Medical Gyeonggi e-News

[JUL. 2023] Bucheon St. Mary’s Hospital is actively operating robot surgery

  • Name 관리자
  • Date 2023-07-10
  • Views 470

After establishing the 4th-generation Da Vinci Xi system, the Catholic University of Korea’s Bucheon St. Mary’s Hospital is actively operating robot surgery in obstetrics and gynecology, urology, surgery, thoracic surgery and otolaryngology



In December 2022, the Catholic University of Korea Bucheon St. Mary’s Hospital (Director Kim Hee-Yeol) began conducting robot surgery for gynecological cancer and gynecological diseases. This was achieved by remodeling the operating room into an optimized environment for robot surgery and establishing the 4th-generation Da Vinci Xi system, the latest version of the cutting-edge robot surgery instrument.


The Da Vinci Xi is a state-of-the-art 4th-generation robot surgery system. It features high-definition 3D stereoscopic imaging that can enlarge the field of view up to 10 times, a correction function to prevent hand shake, and sophisticated hand movements, enabling more sophisticated surgery. In addition, four robot arms can be used alternately, and a wide surgical area can be covered without changing the position of the robot.


After introducing the 4th-generation Da Vinci Xi system, Bucheon St. Mary’s Hospital held a symposium on the latest robot surgery techniques. The symposium was held at the Bucheon St. Mary’s Hospital Omnibus on May 9 (Tuesday) to commemorate 100 cases in a short period of time. In attendance were about 50 medical staff related to robot surgery from the hospital. The symposium was a time to introduce global and domestic robot surgery trends and discuss future development directions.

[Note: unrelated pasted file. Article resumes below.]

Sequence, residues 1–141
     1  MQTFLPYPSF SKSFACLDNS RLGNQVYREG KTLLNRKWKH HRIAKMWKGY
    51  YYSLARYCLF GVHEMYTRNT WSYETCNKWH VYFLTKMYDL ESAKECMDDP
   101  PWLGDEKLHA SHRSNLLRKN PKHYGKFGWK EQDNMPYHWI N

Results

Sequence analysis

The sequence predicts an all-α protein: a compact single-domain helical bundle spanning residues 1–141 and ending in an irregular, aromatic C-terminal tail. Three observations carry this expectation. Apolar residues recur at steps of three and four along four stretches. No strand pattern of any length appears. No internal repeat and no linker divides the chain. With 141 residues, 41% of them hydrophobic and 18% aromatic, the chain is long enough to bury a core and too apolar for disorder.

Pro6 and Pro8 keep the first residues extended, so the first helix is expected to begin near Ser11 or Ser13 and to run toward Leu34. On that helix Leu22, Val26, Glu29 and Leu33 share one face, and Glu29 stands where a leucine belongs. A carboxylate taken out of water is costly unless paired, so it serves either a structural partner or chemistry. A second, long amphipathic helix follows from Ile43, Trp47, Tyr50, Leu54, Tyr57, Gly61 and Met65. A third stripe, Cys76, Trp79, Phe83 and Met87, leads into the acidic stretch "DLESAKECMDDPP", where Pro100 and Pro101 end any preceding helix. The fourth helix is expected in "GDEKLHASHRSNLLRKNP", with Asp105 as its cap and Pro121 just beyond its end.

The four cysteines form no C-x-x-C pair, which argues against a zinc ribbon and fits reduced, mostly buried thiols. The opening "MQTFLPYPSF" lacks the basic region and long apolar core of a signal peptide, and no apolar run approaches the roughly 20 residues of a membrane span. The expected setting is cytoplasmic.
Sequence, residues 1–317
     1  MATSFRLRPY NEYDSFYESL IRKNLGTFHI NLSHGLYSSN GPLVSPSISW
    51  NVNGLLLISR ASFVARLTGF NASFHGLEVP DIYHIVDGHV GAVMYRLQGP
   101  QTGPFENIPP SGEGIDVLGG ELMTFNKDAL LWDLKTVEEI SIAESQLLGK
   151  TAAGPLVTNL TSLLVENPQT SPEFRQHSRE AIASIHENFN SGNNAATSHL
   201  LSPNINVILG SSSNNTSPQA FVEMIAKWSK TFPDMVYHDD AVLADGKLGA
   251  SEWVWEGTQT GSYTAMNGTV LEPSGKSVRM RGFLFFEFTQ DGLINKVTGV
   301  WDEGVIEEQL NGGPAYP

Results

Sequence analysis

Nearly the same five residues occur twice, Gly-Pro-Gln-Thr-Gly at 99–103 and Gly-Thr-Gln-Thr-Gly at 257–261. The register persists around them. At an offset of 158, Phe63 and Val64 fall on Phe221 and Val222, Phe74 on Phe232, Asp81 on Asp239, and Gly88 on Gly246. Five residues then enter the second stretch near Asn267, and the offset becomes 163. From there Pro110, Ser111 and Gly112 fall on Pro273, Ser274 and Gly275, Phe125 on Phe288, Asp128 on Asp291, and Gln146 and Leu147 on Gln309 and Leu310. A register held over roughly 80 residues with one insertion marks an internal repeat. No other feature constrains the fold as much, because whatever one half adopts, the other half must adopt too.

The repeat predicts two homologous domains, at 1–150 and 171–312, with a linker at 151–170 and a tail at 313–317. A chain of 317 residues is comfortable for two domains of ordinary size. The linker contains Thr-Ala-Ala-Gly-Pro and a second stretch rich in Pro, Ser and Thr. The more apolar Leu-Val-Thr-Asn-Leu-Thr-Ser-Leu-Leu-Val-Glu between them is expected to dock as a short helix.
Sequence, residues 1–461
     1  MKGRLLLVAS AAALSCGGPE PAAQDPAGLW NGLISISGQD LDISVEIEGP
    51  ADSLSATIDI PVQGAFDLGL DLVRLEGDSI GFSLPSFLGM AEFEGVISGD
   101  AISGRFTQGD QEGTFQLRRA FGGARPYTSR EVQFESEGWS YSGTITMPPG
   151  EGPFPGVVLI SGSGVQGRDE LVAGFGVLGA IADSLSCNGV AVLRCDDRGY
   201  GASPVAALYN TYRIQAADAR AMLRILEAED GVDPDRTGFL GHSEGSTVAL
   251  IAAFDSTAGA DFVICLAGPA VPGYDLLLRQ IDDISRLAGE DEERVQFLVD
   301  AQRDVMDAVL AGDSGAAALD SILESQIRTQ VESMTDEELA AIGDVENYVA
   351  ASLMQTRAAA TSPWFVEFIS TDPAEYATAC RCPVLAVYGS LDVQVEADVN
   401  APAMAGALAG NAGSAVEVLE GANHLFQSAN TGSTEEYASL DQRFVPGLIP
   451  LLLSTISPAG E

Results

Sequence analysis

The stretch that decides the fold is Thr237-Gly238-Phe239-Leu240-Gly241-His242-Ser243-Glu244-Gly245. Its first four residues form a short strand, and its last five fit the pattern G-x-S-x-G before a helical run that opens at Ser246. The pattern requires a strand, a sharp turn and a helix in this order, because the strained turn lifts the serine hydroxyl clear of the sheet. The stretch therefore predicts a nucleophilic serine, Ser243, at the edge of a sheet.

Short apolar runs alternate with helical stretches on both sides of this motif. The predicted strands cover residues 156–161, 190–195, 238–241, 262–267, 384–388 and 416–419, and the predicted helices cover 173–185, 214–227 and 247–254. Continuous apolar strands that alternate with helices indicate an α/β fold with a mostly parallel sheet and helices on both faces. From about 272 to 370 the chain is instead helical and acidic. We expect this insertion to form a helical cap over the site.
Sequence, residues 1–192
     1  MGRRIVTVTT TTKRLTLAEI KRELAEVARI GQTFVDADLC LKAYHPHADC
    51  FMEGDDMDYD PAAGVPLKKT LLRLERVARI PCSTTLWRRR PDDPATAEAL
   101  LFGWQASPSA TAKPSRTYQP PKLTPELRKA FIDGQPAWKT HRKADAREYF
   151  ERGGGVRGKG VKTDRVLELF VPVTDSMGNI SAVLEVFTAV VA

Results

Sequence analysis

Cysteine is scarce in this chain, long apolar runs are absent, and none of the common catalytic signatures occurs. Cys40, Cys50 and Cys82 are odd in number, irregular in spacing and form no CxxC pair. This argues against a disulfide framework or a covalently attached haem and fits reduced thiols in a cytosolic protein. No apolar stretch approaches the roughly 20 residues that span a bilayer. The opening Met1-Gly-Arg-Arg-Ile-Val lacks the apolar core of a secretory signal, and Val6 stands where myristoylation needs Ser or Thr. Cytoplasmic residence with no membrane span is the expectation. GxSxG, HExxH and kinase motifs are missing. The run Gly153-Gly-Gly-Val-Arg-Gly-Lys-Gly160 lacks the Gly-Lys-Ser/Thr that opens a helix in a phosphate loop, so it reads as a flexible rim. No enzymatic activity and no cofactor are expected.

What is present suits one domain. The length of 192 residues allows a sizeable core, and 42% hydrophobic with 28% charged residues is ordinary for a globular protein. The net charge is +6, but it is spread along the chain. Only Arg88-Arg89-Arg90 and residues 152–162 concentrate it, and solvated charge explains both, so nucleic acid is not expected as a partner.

Director Kim Hee-Yeol of Bucheon St. Mary’s Hospital stated, “Bucheon St. Mary’s Hospital is constantly striving to achieve the best treatment results for patients by operating a customized patient management system with the best medical staff specialized in robot surgery.” He added, “We can provide better medical services to patients because the robot can perform surgery on complex and deep areas of the human body where minimally invasive surgery was traditionally difficult.”


Currently, Bucheon St. Mary’s Hospital’s robot surgery is utilized in prominent cancer types including prostate, bladder, kidney, stomach, colon, biliary tract, pancreatic, head and neck, uterine, and lung malignancies. The robot surgery method is also used for minimally invasive procedures in the fields such as gynecology, gallbladder, pancreatobiliary, and kidney diseases.